Codemasters have announced the next entry in their ever-increasing garage full of racers. Which of their roster is getting a new model? I'll give you a clue: the year is 2013, and the last released Formula 1 game from the company was F1 2012. You don't have to be as fast as Nigel Mansell to work this out. This time, as well as featuring an updated line-up of cars, tracks and drivers, F1 2013 will also look back to the championship's history with its '80s and '90s-set Classic Edition.
There’s a long corner arching through a part of Grid 2’s sun- drenched Californian track where a squirrel dashes across the road. It’s always at precisely the same point, and always just as your car lurches into the basin of a gentle drop and rise. And, despite racing that stretch of road 30 or even 40 times, I still haven’t been able to hit it.
And nor should I, really – it would be an unjustifiable act of violence, and more importantly some bloodied shreds might get stuck in a delicate part of the engine. But the squirrel is symbolically significant, even if it refuses to be run over. It speaks to Grid 2’s wonderful presentation, which is glistening and iridescent and other things your car would be if it was really clean.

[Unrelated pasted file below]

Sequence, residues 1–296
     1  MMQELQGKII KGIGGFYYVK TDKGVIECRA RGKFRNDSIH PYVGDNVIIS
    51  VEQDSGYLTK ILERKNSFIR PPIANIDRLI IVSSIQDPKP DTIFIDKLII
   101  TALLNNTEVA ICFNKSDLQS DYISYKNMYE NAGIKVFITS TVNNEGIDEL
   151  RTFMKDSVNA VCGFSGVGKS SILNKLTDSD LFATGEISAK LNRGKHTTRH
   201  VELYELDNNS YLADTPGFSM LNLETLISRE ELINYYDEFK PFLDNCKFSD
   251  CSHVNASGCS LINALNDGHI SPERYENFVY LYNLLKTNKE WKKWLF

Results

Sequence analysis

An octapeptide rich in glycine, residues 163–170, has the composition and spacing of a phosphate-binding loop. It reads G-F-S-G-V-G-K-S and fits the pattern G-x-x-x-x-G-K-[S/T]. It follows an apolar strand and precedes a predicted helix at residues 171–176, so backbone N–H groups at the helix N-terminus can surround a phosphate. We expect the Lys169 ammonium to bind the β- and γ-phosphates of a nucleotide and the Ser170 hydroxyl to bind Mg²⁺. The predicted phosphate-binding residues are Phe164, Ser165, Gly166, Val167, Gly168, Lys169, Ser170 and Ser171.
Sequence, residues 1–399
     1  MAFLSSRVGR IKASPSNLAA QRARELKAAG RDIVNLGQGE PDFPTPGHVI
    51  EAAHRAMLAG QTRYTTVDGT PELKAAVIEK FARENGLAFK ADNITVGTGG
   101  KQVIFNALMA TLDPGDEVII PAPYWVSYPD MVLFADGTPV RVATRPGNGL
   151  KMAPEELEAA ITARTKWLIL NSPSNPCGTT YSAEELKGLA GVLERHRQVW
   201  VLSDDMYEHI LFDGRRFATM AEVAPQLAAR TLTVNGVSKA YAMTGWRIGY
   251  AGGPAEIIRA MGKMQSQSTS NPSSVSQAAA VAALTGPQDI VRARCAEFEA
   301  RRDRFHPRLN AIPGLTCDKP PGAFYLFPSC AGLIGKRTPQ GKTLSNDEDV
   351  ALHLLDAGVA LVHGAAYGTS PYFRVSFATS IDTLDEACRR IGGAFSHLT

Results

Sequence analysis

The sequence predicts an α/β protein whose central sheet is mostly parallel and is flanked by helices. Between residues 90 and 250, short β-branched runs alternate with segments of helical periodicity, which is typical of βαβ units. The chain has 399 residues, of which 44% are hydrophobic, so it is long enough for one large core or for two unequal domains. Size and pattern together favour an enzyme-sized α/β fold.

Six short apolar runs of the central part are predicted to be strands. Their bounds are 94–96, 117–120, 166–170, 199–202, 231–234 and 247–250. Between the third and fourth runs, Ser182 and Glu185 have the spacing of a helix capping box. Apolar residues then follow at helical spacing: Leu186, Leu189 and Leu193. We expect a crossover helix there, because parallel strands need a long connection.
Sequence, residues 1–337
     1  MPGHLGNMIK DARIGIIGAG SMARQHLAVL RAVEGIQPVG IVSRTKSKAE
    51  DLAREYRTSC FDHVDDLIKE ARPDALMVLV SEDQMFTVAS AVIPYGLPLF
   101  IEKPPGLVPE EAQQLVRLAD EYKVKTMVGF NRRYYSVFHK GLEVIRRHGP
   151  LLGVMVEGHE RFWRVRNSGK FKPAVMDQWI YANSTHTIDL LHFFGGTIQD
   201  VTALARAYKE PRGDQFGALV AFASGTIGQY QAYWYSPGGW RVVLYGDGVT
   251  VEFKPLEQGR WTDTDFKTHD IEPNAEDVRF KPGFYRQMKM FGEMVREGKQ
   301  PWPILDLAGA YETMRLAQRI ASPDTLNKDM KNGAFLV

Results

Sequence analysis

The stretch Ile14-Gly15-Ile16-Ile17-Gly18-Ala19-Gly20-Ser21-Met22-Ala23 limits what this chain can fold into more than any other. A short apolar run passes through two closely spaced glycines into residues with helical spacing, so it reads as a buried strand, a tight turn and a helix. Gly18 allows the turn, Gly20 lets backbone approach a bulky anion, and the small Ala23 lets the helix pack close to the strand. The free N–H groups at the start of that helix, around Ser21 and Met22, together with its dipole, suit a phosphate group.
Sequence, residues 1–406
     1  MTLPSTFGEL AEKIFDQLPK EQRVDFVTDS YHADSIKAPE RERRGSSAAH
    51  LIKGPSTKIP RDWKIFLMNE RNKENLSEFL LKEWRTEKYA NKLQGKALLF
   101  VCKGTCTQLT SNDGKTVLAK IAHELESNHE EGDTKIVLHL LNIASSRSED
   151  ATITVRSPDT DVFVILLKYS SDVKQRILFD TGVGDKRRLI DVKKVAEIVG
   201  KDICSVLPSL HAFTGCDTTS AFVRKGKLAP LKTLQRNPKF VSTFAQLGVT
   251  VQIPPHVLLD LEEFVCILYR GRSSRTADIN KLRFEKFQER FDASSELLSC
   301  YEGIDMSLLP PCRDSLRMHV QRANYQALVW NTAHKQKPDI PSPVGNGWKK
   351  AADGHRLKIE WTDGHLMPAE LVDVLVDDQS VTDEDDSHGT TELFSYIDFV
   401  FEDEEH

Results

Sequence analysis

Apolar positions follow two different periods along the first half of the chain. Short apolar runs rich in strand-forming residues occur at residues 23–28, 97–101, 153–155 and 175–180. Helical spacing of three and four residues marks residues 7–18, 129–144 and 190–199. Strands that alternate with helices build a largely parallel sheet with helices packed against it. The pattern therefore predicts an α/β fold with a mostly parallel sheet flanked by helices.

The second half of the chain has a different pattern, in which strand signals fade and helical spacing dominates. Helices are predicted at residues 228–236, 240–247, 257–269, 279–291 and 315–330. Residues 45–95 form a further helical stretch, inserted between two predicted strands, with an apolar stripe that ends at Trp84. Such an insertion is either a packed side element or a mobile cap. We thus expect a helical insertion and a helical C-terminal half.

Thanks to this dazzlingly pretty trailer, I've just this moment realised that Project CARS is an acronym. Previously, I'd assume that developer Slightly Mad Studios loved cars so much that they couldn't write their game's name without implying an enthusiastic shout of excitement. Instead, it turns out that it stands for Community Assisted Racing Simulator. And yet, it is about cars. How serendipitous.